We hope you and your family had a Happy Pi Day and look forward to you spending Pi Day 2016 with us here at CMNH!
“Pi lets us show off the oddball side of math and lets us stretch our imaginations,” Sarah said.
What’s a Pi Chain? Good question! Here’s the answer: 0-9 are each represented by a color. Following the order of numbers in pi, can you make an accurate chain that is correctly represented by the 10 colors? Can you make a longer Pi Day Pi Chain than your friends and family?
Embracing the cold . . . all year long
The weather in New England is always interesting on any given day, but this winter has been especially memorable. When it’s not snowing close to two feet of snow causing people (and cars, buildings, Giant Blue Crabs, etc.) to be totally buried in the fluffy white stuff, it’s in the mid-50’s with families walking, jogging and playing outside.
At CMNH, we offer a safe and warm facility for families to enjoy – especially on those sub-zero Polar vortex days we’ve recently experienced. On moderate winter days, one of our favorite activities is guiding families into Henry Law Park in front of our building and creating Snow Art!Our visitors use spray bottles full of non-toxic watercolor paint and water to decorate the landscape in Henry Law Park
But whether the weather is freezing, windy, hailing or sizzling, one of the most popular indoor activities we run at CMNH is Ice Art. When we set up larger Ice Art projects (consisting of several tubs of ice) they can be worked on in the Muse Studio, while our smaller ones (usually one tub with one large or several smaller pieces of ice) can be found in the Naturalist Study near the CochecoNature exhibit on the first floor of the museum.
Parents & children (and staff!) experiment with cups of colored saltwater to see how their actions affect the ice.
– Does the salt make the ice melt faster or slower?
– What is the advantage of using a pipette to administer the solution?
– Do colors mix the same way on ice/water as they do on paper?
– How does an items density affect how it freezes inside the ice?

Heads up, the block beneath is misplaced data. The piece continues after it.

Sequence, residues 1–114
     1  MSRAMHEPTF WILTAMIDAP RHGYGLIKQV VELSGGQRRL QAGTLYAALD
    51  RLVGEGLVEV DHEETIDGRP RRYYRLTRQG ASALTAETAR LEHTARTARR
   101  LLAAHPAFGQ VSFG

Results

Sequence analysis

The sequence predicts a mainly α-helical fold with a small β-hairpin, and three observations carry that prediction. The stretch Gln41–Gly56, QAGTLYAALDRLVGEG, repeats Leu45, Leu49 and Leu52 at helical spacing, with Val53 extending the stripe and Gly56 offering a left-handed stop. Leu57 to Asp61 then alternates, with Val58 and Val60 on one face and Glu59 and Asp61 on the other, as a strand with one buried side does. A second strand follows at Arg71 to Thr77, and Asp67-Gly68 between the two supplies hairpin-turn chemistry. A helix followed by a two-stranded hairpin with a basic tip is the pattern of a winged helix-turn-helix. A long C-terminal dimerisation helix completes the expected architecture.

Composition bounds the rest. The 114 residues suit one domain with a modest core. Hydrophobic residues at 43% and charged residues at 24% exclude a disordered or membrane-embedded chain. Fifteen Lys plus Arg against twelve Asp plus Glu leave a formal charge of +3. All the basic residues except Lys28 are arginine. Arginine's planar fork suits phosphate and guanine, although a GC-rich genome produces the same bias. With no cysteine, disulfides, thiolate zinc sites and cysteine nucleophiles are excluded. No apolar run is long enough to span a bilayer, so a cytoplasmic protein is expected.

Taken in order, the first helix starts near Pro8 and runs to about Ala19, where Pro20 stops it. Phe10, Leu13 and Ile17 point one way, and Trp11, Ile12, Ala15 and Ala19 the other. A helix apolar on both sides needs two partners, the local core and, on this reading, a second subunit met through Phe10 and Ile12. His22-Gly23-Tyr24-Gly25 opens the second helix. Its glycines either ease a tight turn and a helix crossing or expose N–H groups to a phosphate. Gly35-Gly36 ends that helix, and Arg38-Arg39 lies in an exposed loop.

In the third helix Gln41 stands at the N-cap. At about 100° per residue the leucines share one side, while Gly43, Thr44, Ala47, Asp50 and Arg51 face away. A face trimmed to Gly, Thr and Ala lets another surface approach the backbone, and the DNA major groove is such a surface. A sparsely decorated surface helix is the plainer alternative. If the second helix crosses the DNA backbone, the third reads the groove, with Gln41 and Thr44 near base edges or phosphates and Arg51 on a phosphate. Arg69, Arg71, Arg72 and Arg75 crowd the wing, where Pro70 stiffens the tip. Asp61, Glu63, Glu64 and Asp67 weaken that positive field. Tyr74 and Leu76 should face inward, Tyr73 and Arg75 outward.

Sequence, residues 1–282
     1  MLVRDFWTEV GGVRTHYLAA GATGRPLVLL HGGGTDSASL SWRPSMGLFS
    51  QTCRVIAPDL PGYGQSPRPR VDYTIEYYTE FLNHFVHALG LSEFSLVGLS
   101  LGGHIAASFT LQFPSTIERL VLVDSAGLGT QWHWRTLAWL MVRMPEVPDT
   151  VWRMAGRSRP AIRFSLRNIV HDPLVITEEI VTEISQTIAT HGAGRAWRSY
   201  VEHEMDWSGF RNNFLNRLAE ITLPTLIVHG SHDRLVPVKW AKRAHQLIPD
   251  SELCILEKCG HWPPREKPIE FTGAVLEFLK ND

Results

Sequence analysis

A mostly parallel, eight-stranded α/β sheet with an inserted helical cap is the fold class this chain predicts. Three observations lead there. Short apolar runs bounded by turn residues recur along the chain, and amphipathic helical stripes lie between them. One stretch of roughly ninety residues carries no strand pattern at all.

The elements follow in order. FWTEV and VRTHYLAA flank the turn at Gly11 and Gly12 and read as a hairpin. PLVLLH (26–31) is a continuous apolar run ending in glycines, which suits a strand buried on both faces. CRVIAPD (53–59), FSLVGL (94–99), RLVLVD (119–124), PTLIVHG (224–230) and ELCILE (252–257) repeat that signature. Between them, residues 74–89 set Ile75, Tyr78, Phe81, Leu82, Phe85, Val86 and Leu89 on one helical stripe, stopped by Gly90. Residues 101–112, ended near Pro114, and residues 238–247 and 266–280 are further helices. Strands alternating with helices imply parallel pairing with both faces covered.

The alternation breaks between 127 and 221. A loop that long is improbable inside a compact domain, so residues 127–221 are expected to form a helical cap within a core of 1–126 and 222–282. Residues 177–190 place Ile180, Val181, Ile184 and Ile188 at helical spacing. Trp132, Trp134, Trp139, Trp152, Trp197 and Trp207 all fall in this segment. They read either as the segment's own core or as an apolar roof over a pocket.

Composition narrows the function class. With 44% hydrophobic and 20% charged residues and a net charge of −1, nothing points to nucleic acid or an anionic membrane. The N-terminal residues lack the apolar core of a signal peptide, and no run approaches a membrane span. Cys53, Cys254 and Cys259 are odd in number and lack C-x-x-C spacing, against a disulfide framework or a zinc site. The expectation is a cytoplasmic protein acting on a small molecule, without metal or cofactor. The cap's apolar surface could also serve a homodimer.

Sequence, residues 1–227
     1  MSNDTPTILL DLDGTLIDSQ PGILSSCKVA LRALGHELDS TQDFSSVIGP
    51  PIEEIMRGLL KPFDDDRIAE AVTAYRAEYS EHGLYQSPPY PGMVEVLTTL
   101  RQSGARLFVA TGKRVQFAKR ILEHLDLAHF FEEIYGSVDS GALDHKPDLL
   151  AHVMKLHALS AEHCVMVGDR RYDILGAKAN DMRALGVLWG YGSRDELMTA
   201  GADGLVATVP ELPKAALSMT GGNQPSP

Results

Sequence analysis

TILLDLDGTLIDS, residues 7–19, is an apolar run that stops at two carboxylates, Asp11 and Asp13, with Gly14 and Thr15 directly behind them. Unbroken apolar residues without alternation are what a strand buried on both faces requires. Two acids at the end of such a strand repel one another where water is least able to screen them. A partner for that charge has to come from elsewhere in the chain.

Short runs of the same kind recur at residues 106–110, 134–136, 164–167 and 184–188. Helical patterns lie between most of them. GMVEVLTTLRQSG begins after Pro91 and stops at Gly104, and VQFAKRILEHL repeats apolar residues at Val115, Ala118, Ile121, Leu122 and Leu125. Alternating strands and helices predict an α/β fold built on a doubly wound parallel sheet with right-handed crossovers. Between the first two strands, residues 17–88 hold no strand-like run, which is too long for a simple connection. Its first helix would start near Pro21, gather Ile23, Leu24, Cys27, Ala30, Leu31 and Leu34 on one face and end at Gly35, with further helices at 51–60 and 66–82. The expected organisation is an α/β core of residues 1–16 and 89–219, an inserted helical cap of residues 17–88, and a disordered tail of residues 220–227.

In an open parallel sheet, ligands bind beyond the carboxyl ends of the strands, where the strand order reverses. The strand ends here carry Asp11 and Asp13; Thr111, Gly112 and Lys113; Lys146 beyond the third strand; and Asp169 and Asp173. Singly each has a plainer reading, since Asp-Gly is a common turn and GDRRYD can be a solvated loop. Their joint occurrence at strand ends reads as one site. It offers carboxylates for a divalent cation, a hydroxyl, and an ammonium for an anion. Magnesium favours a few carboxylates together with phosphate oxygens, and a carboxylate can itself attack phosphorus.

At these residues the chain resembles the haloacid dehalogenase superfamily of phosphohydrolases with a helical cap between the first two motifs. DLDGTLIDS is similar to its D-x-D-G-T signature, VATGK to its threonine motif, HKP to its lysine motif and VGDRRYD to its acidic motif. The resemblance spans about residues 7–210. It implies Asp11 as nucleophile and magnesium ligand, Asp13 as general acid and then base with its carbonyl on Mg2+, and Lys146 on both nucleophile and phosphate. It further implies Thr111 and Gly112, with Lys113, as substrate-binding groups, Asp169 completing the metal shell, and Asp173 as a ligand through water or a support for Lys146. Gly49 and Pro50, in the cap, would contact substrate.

– How much time do you think it will take to free a trapped treasure from the ice?
– How do you make stripes of color – or a rainbow – in the ice without the colors mixing?
Through the help of our visitors, here’s some knowledge we’ve gleaned thus far in our years of ice exploration:
– Some dice floated to the top before freezing while some sunk.
– Glitter always floats before freezing.
– We had to weight the plastic sharks so they would freeze in the center of the ice.
– Ribbon is fun to freeze. Fabric is not fun to freeze.
– Pencils are fun to freeze. Pens are not fun to freeze.
– Plastic bugs look cool trapped in ice. Plastic food looks gross trapped in ice.
– Colors that slowly drip from one section of ice to another can create cool swirling effects. Too many colors in the ice at once causes brown and gray water. Yuck.
– Freezing different colors side-by-side takes a few days as each color must be frozen on its own first.
– The plastic human brain mold was our most popular ice shape. (Sadly, human brain mold developed a crack last year and had to be retired.)
– Visitors most favorite trapped ice objects are – hands down – plastic dinosaurs of all shapes and sizes.
Ice Art is an inexpensive, fun activity that can be done at home with Plastic containers, small cups, pipettes or paint brushes, table salt and watercolor paint or food coloring (but we recommend the paint as it washes off easier). The bigger the shape that you’re freezing, the more time it will need in the freezer. Museum Educators often set up their ice projects at the end of the museum day to be ready for the following morning.
Enjoy this short video of some of our most interesting ice art that we’ve seen at CMNH!
Zach once ate so many coconut flavored popsicles in a row that everything he ate for six months tasted like coconut.
The Maker Faire is coming to New Hampshire! The first annual Dover Mini Maker Faire is scheduled for Saturday, August 24, 2013 in and around the Children’s Museum of New Hampshire in Dover. This is the first time a Maker Faire event has been held in the Granite State.
“We are over the moon about bringing Maker Faire to our state,” said Justine Roberts, Executive Director of the Children’s Museum of NH. “This event aligns perfectly with our mission to ignite children’s creative potential by challenging them to think big. What better way to bring our mission to life than with this amazing event that showcases our community’s creativity, engages children’s imaginations and inspires them to be the makers of tomorrow.”
The Dover Mini Maker Faire takes after its enormous parent event, Maker Faire, which hosts 110,000 visitors in San Mateo in May. The Dover Mini Maker Faire will be a smaller, community-focused event, but will follow the Maker Faire model of celebrating do-it-yourself creativity and tinkering.